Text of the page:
He travels in the secret places of the land but the land doesn’t want him. The birds and beasts do not like him but he uses them as he pleases. When he makes a place his home the forest becomes sick and the people uneasy as he devours their peace. Traps are shut but empty, fish can float lifeless, marring a lake with their white bellies, and a child can perish in the womb. When he has made a place his home the people are uneasy, fearing everything, then become angry until their anger burns towards one another. He can shout all night from the trees for pleasure and do nothing, or for pleasure whisper dark sayings and shameful secrets into wind. He can chase away the game until there is no sound of birds and nothing to hunt. He can stop the crickets and frogs at night from singing and take pleasure in the silence while men tremble and struggle to keep in their piss. And if they succumb to his entreaties they will do abominable things. He is jealous of the sky and land and is vain, wanting to taint the memories of each generation and is happy when every kind of misfortune is attributed to him.
The wide Negwa flows languidly through a marsh plain surrounded by a gentle rolling evergreen and scrub valley of the northern Ontario lowlands and divides north and south-east where Crees settle and rest, harvesting mid-August sturgeon, waiting for the fall winds to push them north for the caribou migration. Smoke still bearing a faint savour of roasted meat lingers in the still evening air from dying fires and the sounds are subdued and happy. Old Nadie, matriarch of the band, sits cross leg on a mat holding up a leather smock made for a child with simple bead work around the collar, examining it approvingly, then calls out to her grand daughter.
“What is it you want grandmother?” said a young women, her long smooth black hair receiving a soft golden sheen as she emerged from a tent into evening sun.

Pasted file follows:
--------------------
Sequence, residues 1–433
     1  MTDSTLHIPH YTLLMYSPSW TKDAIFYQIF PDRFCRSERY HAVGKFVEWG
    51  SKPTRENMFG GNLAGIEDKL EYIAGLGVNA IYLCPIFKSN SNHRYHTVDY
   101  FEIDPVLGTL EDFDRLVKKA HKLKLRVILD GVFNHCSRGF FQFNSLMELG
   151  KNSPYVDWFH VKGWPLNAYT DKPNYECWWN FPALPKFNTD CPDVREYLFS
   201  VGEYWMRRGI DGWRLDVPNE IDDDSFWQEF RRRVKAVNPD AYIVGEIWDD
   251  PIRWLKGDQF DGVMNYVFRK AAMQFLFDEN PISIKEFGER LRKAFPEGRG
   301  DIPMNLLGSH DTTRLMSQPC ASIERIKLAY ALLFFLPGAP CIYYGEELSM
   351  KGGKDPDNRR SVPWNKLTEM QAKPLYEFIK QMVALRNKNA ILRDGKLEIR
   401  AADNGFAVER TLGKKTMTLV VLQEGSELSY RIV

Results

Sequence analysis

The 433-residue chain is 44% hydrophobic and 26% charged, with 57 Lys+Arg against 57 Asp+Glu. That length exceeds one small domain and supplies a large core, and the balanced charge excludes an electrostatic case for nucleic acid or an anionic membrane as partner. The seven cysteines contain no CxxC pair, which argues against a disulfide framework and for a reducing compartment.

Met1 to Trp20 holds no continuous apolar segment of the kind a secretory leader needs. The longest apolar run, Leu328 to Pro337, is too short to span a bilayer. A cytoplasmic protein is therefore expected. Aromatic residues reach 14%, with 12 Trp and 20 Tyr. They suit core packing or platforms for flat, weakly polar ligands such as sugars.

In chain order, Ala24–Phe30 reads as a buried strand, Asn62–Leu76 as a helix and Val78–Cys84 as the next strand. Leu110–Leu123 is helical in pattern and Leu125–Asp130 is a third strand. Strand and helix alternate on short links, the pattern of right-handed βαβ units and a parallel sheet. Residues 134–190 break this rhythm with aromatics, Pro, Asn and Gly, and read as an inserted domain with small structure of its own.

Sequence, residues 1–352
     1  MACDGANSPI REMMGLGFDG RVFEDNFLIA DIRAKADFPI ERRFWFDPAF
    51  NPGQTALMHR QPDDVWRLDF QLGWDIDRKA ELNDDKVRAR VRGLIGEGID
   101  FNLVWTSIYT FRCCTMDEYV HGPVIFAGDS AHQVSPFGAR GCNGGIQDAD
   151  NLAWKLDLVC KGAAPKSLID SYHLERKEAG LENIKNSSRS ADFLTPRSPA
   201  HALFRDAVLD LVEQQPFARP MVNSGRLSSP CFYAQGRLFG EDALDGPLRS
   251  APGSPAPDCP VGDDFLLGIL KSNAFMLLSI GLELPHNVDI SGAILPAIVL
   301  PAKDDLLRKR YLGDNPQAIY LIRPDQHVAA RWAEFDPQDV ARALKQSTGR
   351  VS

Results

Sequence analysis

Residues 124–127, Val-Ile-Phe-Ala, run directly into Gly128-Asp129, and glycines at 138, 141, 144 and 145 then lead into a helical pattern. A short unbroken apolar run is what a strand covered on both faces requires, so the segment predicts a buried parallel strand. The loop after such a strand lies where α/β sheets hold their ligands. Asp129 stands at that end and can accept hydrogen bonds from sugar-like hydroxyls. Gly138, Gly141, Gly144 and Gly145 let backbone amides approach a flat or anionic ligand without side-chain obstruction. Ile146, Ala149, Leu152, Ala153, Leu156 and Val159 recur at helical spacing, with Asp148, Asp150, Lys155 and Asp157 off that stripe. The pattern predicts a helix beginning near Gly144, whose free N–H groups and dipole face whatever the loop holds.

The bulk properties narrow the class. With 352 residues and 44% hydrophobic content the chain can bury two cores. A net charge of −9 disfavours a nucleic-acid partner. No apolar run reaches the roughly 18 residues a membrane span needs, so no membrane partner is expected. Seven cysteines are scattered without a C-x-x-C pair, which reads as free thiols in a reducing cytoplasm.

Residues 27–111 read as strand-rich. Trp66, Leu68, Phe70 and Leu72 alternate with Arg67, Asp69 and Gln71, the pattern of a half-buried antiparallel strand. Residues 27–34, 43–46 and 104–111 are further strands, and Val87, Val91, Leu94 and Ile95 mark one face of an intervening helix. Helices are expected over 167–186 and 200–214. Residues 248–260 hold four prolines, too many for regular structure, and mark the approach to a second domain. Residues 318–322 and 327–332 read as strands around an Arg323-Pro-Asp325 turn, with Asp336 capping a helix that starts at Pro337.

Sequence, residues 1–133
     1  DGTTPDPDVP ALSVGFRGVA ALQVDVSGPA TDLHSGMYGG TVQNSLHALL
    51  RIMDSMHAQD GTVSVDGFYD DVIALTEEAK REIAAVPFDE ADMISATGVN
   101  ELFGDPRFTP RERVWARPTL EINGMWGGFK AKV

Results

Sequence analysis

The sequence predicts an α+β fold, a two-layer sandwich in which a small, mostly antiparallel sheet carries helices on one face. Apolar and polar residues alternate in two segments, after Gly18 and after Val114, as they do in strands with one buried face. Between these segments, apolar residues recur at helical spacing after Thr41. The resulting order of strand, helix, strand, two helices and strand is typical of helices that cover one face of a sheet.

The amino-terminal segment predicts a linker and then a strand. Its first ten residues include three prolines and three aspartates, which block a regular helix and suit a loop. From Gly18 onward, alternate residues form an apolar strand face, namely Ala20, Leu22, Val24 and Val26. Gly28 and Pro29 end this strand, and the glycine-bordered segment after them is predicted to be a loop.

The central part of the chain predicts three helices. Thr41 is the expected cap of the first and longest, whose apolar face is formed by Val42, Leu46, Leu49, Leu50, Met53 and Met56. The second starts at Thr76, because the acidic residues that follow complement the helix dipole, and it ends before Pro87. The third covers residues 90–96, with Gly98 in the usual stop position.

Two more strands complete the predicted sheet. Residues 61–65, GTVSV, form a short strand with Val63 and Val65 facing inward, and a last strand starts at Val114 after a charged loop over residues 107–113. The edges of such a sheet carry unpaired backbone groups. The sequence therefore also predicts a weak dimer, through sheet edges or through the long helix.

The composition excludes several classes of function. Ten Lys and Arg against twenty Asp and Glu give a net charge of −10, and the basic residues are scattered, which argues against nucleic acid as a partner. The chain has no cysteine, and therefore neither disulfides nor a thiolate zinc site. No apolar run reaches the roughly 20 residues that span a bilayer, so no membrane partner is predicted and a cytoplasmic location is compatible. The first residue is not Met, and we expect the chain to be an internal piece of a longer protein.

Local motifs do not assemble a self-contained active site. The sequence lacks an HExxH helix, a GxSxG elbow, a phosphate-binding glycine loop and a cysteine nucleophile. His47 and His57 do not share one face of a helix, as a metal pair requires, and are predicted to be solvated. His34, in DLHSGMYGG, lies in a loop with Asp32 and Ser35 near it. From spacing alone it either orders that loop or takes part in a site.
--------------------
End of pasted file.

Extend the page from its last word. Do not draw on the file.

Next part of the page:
“It’s done. Look how fine it’s made,” said Nadie as Alawa approached barefoot with a playful frown.
“It is very beautiful grandmother, but you need a child to put inside of it. Do you have one?” asked Alawa looking down with affection and annoyance to Nadie’s deeply wrinkled patient face.
“My time has passed to make children. I’ve made many already. It’s your time to make children now.”
“You’re very hopeful with your handy work.”
“Your husband is impatient for a son. The tent needs the voice of a child.”
“Can I make the wind or the snow? It comes when it will.”
“The Great Spirit makes the wind and the snow. Maybe you’ve displeased Him. Maybe your faith is weak.”
“You taught me. My faith is the same as yours.”
Nadie searched her granddaughters face then picked up a bowl with a dark mash of berries and roots.
“I’m tired of you potions grandmother.”
“And my prayers also?”
“Your prayers don’t taste bitter and burn my stomach.”
The old woman considered her for a moment and looked down to the mash that held her gaze.
“Grandmother?… I’m sorry. I didn’t mean to offend you.”
Nadie looked up to Alawa but seemed far away, distracted by another matter.
She looked passed Alawa as if searching for something then bent forward and turned around straining against a stiff back, staring behind. Alawa followed her gaze to the river where a large shedding caribou with enormous horns was standing perfectly still in the long grass and soft ground with its head raised looking to their settlement.
“What’s wrong grandmother? It’s just a caribou. It is meat for us. Look how it stands like it’s offering itself. Annibus! Look!” she shouted happily to a young man a couple to tents away known for his passion of the kill.
Annibus looked from Alawa to the caribou and had a rush of hunter’s adrenaline. He was standing beside his father Ashuweteau who was sitting on the ground repairing a fishing spear with two small grand children drawn close to him watching. Annibus leaned down, tapped his fathers shoulder once with the back of his hand and pointed and together they looked to the caribou that held perfectly still. Annibus smiled at the good fortune, swiftly swept up his rifle leaning against a stump by his tent and just as he was mounting it to his shoulder Ashuweteau raised his palm to stop him. He looked to his father with puzzlement and cocked his head while Ashuweteau continued holding up his palm studying the animal that showed no fear of them.